I thank Dr. Goldberg for this fascinating discussion. My psychiatrist told me that I would just have to suffer because he had done everything that mainstream medicine recommended. I went home and tried to kill myself. Came close too. Later when I asked my psychiatrist to try high does thyroid he went so far as to say high dose thyroid was malpractice. When I brought up the following information he fired me. He said that thyroid used this way would cause osteoporosis. I am confused. You say that Dr. Kelly's ideas do not reflect the current standard of care for treating bipolar disorder. In Dr. Kelly's article he used high dose T3 only after patients failed 14 other medications. I applaud Dr. Kelly for not giving up like my psychiatrist did. On the other hand recommendations for high dose thyroid are found in three treatment guidelines. "The Texas Medication Algorithm Project for bipolar disorder" recommends high dose thyroid hormone treatment with T3 up to dose of 160 mcg per day. T4 is recommended up to a dose of 500 mcg. I found this in "The Expert Consensus Guideline Series: Medication Treatment of Bipolar Disorder 2000". There seemed to be no shortages of experts recommending high dose thyroid. Both of these were cited in Drs. Kelly and Leiberman's paper. I also found a new recommendation for the use of high dose thyroid in the "Canadian Network for Mood and Anxiety Treatments (CANMAT) and International Society for Bipolar Disorders (ISBD) collaborative update of CANMAT guidelines for the management of patients with bipolar disorder: update 2013". I'm not so sure that it is Dr. Kelly who is out of step with the current standards of treatment. As to reverse T3, after looking at the medical literature it looks like all sorts of illnesses can cause elevations in reverse T3. I think that that the high levels of reverse T3 in bipolar disorder just reflects that the body is majorly stressed. The use of high dose T3 blocks the production of T4 by the thyroid gland and therefore the T4 can't be converted into reverse T3.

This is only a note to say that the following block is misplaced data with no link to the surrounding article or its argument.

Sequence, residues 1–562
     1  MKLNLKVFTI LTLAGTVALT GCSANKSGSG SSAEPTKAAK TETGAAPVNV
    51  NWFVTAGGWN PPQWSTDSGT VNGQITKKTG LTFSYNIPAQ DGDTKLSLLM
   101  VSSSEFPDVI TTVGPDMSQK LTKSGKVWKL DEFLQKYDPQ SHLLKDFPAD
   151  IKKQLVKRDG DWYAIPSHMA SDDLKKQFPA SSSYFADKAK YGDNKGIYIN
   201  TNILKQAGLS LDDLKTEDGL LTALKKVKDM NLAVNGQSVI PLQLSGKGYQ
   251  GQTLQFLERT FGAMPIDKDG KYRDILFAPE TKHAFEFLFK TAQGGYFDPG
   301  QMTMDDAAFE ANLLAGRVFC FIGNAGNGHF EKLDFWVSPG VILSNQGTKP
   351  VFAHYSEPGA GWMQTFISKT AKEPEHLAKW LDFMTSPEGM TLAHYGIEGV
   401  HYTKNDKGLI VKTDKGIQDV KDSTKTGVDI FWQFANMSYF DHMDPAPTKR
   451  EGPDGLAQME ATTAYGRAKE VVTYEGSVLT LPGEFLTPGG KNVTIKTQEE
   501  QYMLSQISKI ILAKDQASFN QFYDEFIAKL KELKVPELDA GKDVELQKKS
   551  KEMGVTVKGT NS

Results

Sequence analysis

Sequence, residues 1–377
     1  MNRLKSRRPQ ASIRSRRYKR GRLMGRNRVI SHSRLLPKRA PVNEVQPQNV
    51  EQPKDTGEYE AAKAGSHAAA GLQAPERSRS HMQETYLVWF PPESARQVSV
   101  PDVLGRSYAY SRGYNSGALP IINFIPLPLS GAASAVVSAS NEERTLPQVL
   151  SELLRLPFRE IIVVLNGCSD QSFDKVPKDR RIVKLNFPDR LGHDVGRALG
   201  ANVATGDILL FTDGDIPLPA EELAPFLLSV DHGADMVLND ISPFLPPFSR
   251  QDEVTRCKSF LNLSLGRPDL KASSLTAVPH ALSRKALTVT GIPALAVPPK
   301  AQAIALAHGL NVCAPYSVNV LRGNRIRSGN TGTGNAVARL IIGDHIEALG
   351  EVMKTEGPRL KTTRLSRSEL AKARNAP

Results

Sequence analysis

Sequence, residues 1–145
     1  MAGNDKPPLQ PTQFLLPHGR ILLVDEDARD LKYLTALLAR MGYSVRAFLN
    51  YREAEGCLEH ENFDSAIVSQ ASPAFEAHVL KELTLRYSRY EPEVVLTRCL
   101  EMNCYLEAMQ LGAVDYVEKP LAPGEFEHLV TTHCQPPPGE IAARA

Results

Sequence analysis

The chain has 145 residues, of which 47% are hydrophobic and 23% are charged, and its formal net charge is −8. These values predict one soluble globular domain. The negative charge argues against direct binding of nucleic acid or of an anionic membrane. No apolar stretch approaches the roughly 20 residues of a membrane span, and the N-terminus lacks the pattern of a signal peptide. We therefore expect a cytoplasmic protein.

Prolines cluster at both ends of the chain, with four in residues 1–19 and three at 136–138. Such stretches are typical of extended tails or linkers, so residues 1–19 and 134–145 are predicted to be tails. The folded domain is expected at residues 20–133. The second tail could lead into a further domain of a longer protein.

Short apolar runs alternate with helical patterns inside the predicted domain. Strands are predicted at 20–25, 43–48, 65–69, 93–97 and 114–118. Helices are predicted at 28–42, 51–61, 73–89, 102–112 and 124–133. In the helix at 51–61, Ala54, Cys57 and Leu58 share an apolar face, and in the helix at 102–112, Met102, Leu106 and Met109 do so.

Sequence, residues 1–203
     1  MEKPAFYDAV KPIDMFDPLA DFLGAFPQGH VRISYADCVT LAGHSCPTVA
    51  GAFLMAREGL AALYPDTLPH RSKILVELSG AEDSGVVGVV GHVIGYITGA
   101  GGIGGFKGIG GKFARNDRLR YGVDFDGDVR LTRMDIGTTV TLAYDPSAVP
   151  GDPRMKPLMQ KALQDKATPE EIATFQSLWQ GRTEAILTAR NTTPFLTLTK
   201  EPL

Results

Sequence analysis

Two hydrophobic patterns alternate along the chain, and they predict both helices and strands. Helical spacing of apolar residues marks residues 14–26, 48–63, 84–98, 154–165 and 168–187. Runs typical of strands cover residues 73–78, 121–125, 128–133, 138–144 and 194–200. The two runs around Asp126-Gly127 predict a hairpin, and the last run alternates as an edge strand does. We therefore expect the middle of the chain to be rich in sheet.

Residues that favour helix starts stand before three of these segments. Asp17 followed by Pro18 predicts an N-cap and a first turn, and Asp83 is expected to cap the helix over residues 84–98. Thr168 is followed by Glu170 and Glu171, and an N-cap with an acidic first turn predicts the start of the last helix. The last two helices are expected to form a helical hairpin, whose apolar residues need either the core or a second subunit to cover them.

The Expert Consensus Guidelines are now 10 years old and in the last decade a number of more compelling options have come along since the Cytomel rage of the 90s and early 00's. While adding T3, T4, or both for treatment resistant depression if any pole is certainly still an option -- and hardly malpractice if done with proper monitoring -- I can think of many more compelling alternative treatment strategies.
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